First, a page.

1. Limited time only! Sign up for a free 30min personal tutor trial with Chegg Tutors
    Dismiss Notice
Dismiss Notice
Join Physics Forums Today!
The friendliest, high quality science and math community on the planet! Everyone who loves science is here!

Any body is a theoritical biophysicist ?

  1. Jun 15, 2012 #1
    I'm still a student who is studying physics and I want to become a theoritical biophysicist, but I don't know what I need for this department.
  2. jcsd
  3. Jun 15, 2012 #2
    A physics degree would be the mainstream route, possibly backed up with some biology courses (although a good understanding of classical and statistical physics is probably much more important than biology). Our computational biophysics groups also employs a handful of non-physicist (a biologist, a chemist, and an engineer). But that is mostly because a lack of suitable physicists on the market, not because of an intended interdisciplinarity. Some universities formally offer specialized biophysics courses, but if your university of choice doesn't, then a "normal" physics degree is probably just as fine, too.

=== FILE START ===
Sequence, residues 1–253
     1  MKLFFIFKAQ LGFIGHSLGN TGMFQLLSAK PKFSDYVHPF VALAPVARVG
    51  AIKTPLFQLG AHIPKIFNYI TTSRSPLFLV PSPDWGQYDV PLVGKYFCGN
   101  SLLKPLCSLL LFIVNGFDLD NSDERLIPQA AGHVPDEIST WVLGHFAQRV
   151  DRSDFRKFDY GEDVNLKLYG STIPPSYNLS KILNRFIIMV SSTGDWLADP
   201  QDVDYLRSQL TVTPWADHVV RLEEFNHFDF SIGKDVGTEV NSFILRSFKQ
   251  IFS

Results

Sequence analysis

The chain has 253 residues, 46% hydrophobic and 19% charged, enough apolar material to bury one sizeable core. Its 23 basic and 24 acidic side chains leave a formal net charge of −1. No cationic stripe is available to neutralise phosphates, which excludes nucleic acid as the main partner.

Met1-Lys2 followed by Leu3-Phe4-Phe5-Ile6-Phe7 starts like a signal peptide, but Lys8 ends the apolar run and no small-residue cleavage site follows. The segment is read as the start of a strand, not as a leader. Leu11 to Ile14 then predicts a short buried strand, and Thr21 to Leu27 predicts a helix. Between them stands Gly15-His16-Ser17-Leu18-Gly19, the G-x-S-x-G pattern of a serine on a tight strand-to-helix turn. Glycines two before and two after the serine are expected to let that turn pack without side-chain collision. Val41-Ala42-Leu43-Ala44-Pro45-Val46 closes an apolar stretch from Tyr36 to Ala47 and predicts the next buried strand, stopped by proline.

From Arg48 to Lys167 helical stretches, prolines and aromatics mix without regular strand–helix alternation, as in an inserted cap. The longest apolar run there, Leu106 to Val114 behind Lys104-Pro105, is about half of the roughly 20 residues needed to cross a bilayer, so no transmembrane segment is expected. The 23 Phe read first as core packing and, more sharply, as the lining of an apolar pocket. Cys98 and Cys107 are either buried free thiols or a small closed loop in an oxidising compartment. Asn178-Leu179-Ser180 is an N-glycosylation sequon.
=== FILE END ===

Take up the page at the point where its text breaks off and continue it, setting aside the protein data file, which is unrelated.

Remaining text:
4. Jun 15, 2012 #3
    I've been told by a biophysics professor at my university not to take any biology classes. - instead take chem and biochem. She says that she never even took any as a grad student because if you want to know how a protein is made, for example, you can just look it up in a book in 30 minutes instead of taking an entire class on it... Idk if I agree with this outlook. But basically what I'm trying to say is that you should be fine with physics
Share this great discussion with others via Reddit, Google+, Twitter, or Facebook